Captain Ben relates why Wrightsville Beach’s Motts and Banks Channels have been described as “two of the busiest non-commercial channels on the coast.” Not only must cruisers be concerned with shoaling, as mentioned in earlier reports, but also with all manner of activity in the Mott and Banks channels. Take your time!

    Came through this area on a summer Wednesday. There was a UNC-W sailing class in session with all kinds of novices in Sunfish boats at the intersection of Motts and Banks channels with a coach in a Carolina Skiff whistling and trying to keep the students corralled and dodge the center-consoles and tube-pullers coming through. Looks like a fun place if no collisions occur. Busy intersection of Motts and Banks channels. Also, we saw a guy on a surfboard crossing Masonboro inlet while in the area. Sport fisherman traffic was low, fortunately for him.
    Captain Ben Matthews

    Click Here To View A Recent Report on Motts Channel Shoaling

  • “Bottom Report” on Mile Hammock Bay Anchorage (AICW Statute Mile 244.5)

    Captain Matthews describes the bottom at Mile Hammock Bay by graciously sharing his chagrin at being aground there. Thank you Captain Matthews! We’re all glad you were able to push your trawler to deeper water.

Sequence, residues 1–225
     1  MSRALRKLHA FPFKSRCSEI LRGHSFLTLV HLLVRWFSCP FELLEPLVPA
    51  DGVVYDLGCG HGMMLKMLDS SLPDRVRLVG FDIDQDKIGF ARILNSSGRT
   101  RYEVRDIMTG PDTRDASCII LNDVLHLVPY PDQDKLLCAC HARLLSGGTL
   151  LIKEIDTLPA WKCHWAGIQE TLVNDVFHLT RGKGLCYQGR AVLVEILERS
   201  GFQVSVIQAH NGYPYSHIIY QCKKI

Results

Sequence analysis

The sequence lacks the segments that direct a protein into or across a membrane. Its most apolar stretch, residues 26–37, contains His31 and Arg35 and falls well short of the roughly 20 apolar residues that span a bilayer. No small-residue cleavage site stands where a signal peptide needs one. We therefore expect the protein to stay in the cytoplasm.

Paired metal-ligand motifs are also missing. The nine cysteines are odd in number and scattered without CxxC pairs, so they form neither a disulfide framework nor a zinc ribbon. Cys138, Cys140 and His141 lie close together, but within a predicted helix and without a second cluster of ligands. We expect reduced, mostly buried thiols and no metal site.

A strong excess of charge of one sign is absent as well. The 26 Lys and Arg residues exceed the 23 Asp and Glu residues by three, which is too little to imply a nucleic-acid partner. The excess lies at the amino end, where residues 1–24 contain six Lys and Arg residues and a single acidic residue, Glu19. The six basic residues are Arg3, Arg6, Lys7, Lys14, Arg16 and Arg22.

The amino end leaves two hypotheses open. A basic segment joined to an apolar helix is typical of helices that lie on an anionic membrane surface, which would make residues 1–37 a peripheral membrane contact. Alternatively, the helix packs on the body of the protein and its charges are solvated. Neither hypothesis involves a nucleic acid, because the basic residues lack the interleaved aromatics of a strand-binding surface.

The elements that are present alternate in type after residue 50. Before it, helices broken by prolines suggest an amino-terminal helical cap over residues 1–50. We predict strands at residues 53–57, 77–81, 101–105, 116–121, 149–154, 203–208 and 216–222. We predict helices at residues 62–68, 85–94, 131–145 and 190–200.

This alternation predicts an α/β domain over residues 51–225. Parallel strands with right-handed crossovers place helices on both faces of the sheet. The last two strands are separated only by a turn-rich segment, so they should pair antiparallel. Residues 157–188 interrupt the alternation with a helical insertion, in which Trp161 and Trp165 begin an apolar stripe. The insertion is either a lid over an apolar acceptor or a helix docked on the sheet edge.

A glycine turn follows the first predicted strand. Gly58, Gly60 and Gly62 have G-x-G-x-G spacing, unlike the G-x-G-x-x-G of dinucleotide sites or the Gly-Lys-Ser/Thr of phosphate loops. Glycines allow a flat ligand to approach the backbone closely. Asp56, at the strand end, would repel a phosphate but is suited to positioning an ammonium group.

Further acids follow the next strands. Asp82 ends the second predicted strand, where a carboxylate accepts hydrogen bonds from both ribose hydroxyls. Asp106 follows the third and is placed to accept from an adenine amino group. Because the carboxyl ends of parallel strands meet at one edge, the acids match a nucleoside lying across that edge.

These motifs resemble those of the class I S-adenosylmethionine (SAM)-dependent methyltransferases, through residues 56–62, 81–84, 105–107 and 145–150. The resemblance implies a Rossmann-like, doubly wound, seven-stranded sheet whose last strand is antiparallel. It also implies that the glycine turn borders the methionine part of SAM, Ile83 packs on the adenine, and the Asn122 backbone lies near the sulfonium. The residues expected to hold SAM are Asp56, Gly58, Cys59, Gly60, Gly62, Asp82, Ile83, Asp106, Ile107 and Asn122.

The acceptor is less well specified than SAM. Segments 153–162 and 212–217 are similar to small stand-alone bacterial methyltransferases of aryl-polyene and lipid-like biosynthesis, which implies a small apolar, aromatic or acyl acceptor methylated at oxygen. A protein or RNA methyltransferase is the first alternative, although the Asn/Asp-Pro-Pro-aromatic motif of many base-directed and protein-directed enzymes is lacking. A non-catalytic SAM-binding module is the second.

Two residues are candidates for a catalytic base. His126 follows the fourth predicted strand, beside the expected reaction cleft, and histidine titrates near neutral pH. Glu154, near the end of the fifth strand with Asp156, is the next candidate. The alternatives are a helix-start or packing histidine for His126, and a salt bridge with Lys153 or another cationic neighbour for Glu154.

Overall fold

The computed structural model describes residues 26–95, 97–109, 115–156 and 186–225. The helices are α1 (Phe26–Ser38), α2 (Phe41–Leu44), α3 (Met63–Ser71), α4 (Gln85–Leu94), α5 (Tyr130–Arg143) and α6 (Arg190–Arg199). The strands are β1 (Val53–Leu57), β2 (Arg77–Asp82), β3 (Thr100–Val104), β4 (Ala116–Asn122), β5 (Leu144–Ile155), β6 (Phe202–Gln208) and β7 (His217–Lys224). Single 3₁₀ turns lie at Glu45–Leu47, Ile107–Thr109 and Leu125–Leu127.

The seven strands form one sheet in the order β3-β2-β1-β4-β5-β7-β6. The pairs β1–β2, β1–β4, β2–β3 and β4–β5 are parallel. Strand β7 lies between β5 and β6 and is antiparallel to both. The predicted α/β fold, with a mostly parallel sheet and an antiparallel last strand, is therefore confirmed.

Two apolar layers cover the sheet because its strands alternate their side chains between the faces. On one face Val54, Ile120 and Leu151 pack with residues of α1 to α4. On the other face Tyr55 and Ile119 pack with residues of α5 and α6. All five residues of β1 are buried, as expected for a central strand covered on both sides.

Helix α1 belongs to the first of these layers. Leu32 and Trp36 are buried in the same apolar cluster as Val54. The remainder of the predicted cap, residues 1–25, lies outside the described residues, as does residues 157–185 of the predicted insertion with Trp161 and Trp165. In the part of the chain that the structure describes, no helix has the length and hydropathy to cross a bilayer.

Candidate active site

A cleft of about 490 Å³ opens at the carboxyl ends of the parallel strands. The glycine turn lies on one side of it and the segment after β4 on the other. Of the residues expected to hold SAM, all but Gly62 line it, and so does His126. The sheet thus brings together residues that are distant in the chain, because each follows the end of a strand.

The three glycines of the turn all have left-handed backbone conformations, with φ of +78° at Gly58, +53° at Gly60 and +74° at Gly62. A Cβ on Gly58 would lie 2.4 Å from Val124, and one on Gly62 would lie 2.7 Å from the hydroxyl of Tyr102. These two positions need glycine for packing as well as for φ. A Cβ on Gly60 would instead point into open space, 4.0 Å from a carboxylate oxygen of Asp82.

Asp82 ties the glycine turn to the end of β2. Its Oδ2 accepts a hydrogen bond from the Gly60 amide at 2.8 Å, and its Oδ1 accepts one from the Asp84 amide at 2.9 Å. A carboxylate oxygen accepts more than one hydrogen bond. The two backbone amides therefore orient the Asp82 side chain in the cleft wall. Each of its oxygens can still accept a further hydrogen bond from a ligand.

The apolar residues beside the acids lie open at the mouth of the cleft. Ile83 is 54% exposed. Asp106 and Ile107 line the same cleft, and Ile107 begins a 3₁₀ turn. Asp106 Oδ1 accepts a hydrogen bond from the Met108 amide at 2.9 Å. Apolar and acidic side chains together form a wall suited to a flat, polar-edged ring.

Anchored in Mile Hammock Bay on 19-Jul-2010. Wanted to make an early start and pulled anchor in a SE wind, blowing us NW and aground. We were NW of the last marker in. Got to do the Onslow County Dance on the floor of Mile Hammock Bay, pushing and cajoling our trawler in waist-deep-water, in the right direction until climbing back aboard, starting engine, and moving off. Marines took their hovercraft out the night before, so we were entertained by that and some V-22 Ospreys doing maneuvers before anchoring. Floor of MHB, dark mud, shells, pretty hard. Still cleaning the mud from my tennis shoes.
    B B Matthews

    Click Here To View the Cruisers’ Net’s North Carolina Anchorage Directory Listing For Mile Hammock Bay Anchorage

  • Report on Taylor Creek and Beaufort Waterfront Anchorage (AICW Statute Mile 201)

    This anchorage has good shelter for vessels up to 48 feet, but it can be very crowded as we have heard from numerous boaters.

    We were there in May, 2010. Lots of moorings with little space to anchor. Lots of current. Lots of Fishing boats on the docks. Not suggested.
    Captain Lew Hill

    Click Here To View the Cruisers’ Net’s North Carolina Anchorage Directory Listing For Taylor Creek/Beaufort Anchorage

  • Swansboro Welcomes Cruisers (near Statute Mile 229)

    I can tell you from personal experience that Swansboro does offer a nice town dinghy dock, and that this is a welcoming community for cruisers. The posting below has been copied from the AGLCA list, and was apparently in response to some other cruisers who had problems coming ashore from the nearby anchorage.
    Do watch out for the very strong tidal currents which regularly scour the anchorage adjacent to the town waterfront, on the foot of White Oak River. These waters can BOIL!
    Once you are ashore, don’t dare miss a stop at Captain Charley’s Seafood Paradise, unless, of course, you dislike fried seafood in all its forms.